By DAVE COLLINS, Associated Press
HARTFORD, Conn. (AP) _ Despite an uncertain fate for Connecticut’s repeal of capital punishment, the state is moving ahead with the death penalty trial of a man convicted of killing two adults and a 9-year-old girl on a Bridgeport street in 2006.
Jury selection in the penalty phase of Richard Roszkowski’s trial began Monday in state Superior Court in Bridgeport. A 12-member panel will hear evidence and decide whether the 48-year-old former Trumbull resident should get lethal injection or life in prison without the possibility of release.
Roszkowski’s lawyers had objected to a new penalty phase, noting the state Supreme Court is still deciding whether the state’s repeal of the death penalty last year is constitutional.
The state got rid of the death penalty but only for murders committed after April 24, 2012. Defense lawyers say eliminating capital punishment for some people and keeping it for others is unconstitutional. The Supreme Court is mulling the issue in the case of death row inmate Eduardo Santiago.
Roszkowski’s public defenders also lost an effort to get their client declared incompetent to stand trial. In July, Judge Robert Devlin rejected a defense request to have Roszkowski undergo another competency exam. Roszkowski had been declared incompetent for the penalty phase but was later deemed competent after undergoing psychiatric exams and treatment.
A prosecutor and defense lawyer were busy with jury selection Monday and didn’t respond to requests for comment.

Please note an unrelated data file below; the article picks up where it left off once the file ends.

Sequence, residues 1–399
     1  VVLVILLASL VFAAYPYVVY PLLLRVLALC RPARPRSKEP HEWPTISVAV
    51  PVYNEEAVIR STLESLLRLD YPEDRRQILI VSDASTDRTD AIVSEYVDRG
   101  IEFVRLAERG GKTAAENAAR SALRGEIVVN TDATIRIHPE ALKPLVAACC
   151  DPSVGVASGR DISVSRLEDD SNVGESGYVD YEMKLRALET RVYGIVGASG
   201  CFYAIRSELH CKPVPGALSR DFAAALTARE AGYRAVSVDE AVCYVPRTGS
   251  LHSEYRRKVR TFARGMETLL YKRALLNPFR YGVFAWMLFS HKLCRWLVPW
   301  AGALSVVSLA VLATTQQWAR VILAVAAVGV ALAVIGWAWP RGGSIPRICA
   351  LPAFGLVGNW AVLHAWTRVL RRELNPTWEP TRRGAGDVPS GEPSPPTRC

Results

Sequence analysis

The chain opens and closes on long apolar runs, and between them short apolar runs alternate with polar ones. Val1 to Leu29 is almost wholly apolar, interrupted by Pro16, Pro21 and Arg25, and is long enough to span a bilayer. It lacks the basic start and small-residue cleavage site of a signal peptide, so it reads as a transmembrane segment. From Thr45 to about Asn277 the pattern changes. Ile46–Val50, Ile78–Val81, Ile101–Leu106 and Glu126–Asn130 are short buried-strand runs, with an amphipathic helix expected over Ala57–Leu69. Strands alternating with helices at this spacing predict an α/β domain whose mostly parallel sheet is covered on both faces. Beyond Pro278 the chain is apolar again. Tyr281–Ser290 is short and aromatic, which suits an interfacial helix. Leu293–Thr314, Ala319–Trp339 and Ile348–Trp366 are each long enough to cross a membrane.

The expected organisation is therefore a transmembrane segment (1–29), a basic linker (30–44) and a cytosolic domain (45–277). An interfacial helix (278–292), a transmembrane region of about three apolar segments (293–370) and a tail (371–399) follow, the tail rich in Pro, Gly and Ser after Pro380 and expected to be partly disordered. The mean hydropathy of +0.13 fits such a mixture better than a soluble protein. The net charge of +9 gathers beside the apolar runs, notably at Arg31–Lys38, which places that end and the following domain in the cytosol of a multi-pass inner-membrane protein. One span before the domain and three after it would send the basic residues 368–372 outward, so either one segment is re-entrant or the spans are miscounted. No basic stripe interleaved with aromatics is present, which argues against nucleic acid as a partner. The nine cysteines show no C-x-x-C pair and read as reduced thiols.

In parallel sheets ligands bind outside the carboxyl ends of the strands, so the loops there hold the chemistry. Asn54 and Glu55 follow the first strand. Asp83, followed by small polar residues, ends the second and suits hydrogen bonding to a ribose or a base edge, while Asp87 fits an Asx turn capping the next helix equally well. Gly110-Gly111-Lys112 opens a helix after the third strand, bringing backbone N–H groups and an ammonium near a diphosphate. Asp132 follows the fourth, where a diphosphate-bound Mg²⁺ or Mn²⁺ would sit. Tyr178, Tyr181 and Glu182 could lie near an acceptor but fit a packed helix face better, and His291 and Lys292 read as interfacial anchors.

A jury convicted Roszkowski and decided he should get the death penalty in 2009. But a judge overturned the sentence because of an error made during jury instructions and ordered a new penalty phase.
Roszkowski gunned down his 39-year-old ex-girlfriend, Holly Flannery, her 9-year-old daughter, Kylie, and 38-year-old Thomas Gaudet on Sept. 7, 2006. Police said Roszkowski stalked Flannery after she broke up with him and falsely believed she and Gaudet were romantically involved.
Authorities said Roszkowski shot Flannery and Gaudet in their heads. Kylie tried to run away, but Roszkowski chased her and shot her in the leg and head, police said.
Jury selection in the penalty phase is expected to take several weeks, a court clerk said Monday. Jurors are scheduled to begin hearing evidence in January.
It’s not clear when the state Supreme Court will issue a ruling in Santiago’s case. Justices heard arguments in April.
Santiago, 34, a former Torrington resident, was sentenced to death for killing a man in West Hartford in 2000. But the state Supreme Court overturned his sentence and ordered a new penalty phase last year, two months after the death penalty repeal took effect.
Santiago’s lawyers argue that eliminating the death penalty for future crimes only violates the constitutional rights to equal protection and due process.
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